The restorers did not go overboard. They even left a few weld dimples in the door shuts to retain an original bit of character
The future of the modern Automobili Lamborghini was revealed at the 1971 Geneva Auto Show with the first public display of the new Countach, believed to be so named after a loosely translated and rather risqué Piedmontese expression of utter disbelief. Outrageous and seemingly otherworldly even by today’s standards, the car’s dramatic styling with its trademark scissor doors and low, angular, wedge-shaped body left all onlookers speechless.
The show car was designated the LP500, for Longitudinale Posteriore 5 Litri, or longitudinal-rear five liters, with a mid-mounted engine located in front of the rear axle, while the gearbox was mounted in front and positioned between the two seats. Cleverly, the final drive passed back through the engine sump, under the crankshaft, to the differential. As a result, the engine was raised, necessitating the installation of side-draft Weber carburetors to maintain a relatively low rear-deck profile.
The Countach was shorter in both wheelbase and overall length than its predecessor. However, since the stunning design of the Countach provided virtually no rearward visibility, a periscope-type rear-view mirror was added, lending the name “Periscopo” to the initial Countach series. Unfortunately, just one LP500 was built, and it was ultimately destroyed at England’s Motor Industry Research Association facility during crash testing.
The production car, designated the LP400 in recognition of its somewhat downsized yet ever-potent 4-liter V12 powerplant, was presented for public viewing at the 1973 Geneva Motor Show. To reduce the prior LP500’s tendency to overheat, production cars incorporated additional air boxes to feed cooler air to the relocated radiators, while NACA air ducts were added to the sides of the car to further aid cooling.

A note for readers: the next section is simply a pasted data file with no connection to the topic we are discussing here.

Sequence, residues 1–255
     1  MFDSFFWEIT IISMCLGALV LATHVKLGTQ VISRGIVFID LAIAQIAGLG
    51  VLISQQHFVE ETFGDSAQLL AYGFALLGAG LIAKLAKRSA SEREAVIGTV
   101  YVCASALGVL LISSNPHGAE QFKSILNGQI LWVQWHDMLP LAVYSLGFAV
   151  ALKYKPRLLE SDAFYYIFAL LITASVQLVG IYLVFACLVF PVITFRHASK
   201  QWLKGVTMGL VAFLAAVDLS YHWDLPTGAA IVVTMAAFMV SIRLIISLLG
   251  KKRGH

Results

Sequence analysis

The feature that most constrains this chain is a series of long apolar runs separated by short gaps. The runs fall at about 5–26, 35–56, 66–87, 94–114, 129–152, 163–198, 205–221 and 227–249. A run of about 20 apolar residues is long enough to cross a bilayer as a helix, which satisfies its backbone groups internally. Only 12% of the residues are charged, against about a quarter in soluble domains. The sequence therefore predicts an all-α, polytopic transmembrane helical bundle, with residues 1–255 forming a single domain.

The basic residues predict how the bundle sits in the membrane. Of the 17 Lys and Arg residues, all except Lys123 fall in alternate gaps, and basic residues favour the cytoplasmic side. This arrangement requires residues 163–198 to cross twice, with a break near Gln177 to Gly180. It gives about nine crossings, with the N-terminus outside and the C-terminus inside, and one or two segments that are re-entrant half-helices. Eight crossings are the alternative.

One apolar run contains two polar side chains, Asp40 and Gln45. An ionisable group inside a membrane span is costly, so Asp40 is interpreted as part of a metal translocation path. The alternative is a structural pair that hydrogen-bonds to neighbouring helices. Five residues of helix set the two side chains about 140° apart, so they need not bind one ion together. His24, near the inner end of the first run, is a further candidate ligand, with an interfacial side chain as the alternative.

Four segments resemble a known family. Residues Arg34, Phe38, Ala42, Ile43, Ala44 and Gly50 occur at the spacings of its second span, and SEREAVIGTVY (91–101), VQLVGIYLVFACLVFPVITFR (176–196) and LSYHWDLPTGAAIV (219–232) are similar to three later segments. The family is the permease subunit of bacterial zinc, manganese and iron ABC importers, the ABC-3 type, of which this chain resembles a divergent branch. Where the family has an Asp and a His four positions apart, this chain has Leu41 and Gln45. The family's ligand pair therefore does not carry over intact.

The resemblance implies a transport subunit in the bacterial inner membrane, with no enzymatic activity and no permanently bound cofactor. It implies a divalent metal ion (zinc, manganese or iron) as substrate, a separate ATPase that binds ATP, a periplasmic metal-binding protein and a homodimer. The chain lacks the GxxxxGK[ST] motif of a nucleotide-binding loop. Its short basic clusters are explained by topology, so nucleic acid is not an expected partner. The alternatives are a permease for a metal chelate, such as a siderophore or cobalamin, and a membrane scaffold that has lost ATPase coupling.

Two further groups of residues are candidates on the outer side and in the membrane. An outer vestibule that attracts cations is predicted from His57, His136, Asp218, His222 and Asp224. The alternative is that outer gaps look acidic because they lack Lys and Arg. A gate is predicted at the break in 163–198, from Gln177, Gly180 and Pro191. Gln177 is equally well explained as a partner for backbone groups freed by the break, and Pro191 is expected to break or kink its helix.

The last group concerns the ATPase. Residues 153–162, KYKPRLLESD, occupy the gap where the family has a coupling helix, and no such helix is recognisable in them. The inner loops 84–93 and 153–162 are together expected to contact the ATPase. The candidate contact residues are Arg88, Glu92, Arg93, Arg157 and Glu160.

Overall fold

Other notable changes marked the LP400, including the addition of a pair of small side windows, a revised taillight design and the use of Stewart-Warner instruments. A Fichtel & Sachs aluminum clutch, as used in the mighty Porsche 917 race cars, plus a pair of six-plug Marelli distributors, were specified for the LP400 as well, rounding out the development of the production Countach. Just 150 LP400s were built before the introduction of the LP400S in 1978 and the car offered here is the 15th car built, the first right-hand-drive example, and has had just five owners from new.
The second English owner exported 1120026 to Florida’s Palm Beach in the early 1980s, where it was seen still retaining its British registration number HPP 5. It returned to the U.K. in 1987, this time registered JYP 43N. Extremely rare when new and even more so today in such wonderfully correct and carefully maintained condition, this 1975 Lamborghini Countach LP400 represents the clean, initial version of the definitive Italian supercar. It is most certainly the most outrageous automotive design statement of the 1970s and 1980s.